Evolution at the Edge

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At Dell Technologies World this year, customers and journalists were curious about trends I am seeing in the marketplace and predictions for the future. I shared my views on the impact of 5G , how AI and IoT are continuing to intersect, and the need for businesses to have consistent, flexible infrastructure to quickly adapt. I also emphasized that the foundation of all these transformations is the shift to edge computing—and it’s our OEM & IoT customers across all industries who are leading this evolution.

Location, location, location

At this point, I should clarify what I mean by the edge. I’m talking about data being processed close to where it’s created, versus the traditional centrally-located data center. I like to think of the difference between the data center and the edge as the difference between living out in the suburbs and living in the city—where all the action is. Right now, about 10 percent of enterprise-generated data is created and processed outside a traditional centralized data center or cloud. However, by 2023, Gartner predicts this figure will reach 75 percent. That’s a dramatic shift by any definition.

Three whys

So, why is this happening? Three reasons. First, according to the latest research, the number of connected devices is expected to reach 125 billion by 2030, which will put about 15 connected devices into the hands of every consumer. It simply doesn’t make sense to move all that data to a traditional data center—or even to the cloud.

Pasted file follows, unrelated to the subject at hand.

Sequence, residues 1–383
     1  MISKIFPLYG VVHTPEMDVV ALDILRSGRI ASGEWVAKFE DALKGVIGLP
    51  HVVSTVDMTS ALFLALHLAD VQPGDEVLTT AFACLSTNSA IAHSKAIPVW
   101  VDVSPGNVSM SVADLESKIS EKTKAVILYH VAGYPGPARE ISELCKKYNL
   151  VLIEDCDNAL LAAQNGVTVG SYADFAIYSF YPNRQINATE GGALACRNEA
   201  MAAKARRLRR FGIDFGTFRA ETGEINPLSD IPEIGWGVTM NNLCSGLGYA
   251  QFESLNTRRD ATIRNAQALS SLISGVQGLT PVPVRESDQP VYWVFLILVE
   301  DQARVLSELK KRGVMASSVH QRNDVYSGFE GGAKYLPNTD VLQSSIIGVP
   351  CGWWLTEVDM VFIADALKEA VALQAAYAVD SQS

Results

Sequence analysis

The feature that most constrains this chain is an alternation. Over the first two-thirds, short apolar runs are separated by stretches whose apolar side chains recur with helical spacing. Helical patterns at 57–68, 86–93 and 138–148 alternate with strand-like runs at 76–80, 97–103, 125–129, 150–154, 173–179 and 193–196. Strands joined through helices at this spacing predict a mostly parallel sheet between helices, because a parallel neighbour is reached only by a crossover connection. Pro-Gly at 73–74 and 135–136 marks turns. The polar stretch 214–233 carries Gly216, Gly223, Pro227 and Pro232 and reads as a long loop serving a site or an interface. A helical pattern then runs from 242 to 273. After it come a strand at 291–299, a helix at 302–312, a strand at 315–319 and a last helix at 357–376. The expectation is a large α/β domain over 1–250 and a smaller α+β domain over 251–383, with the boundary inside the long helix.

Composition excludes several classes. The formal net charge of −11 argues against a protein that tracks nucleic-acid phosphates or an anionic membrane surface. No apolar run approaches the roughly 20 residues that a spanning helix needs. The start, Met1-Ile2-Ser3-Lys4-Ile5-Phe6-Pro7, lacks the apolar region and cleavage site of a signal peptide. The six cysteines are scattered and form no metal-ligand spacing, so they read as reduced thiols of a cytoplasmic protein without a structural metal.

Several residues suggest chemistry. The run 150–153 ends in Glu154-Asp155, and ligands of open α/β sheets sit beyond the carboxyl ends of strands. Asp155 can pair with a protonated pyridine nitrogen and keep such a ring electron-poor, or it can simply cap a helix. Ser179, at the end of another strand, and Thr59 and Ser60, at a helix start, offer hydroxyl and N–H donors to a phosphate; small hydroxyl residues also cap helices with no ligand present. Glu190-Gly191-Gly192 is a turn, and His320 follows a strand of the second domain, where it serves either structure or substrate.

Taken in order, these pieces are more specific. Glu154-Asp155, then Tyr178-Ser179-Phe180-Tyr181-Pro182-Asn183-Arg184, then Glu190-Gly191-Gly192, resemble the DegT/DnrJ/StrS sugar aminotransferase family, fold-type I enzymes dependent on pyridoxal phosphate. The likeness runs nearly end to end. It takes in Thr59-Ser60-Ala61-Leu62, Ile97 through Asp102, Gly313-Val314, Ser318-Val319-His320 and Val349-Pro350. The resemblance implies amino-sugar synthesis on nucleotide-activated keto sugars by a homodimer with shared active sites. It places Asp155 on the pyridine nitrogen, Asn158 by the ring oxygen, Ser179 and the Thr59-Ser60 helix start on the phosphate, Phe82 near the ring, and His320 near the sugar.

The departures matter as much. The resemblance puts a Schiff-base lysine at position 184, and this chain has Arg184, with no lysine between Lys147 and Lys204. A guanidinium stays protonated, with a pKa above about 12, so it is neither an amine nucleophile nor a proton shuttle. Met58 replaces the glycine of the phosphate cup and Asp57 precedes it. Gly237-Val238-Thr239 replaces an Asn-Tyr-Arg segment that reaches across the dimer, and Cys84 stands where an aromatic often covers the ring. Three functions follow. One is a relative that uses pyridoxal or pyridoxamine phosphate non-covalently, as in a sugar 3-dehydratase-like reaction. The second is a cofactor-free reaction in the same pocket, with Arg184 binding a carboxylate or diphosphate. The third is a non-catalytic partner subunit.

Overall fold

The second reason is cost. It’s naturally more cost-effective to process at least some of the data at the edge. And third, it’s all about speed. Many use cases just cannot accept the latency involved in sending data over a network, processing it and returning a response. Autonomous vehicles and video surveillance are great examples, where even a few seconds delay could mean the difference between an expected outcome and a catastrophic event.

Edge computing examples

And what kind of compute exists at the edge? Well, it helps me to visualize the edge as a spectrum. On the right end–what I call the far edge–is where data is generated. Picture millions of connected devices generating a constant stream of data for performance monitoring or end user access. One example is a fluid management system, where valves need to be automatically opened or closed, based on threshold triggers being monitored. If this is something that interests you (using IoT data to help customers better manage and troubleshoot control valves), I recommend looking into our joint solution with Emerson.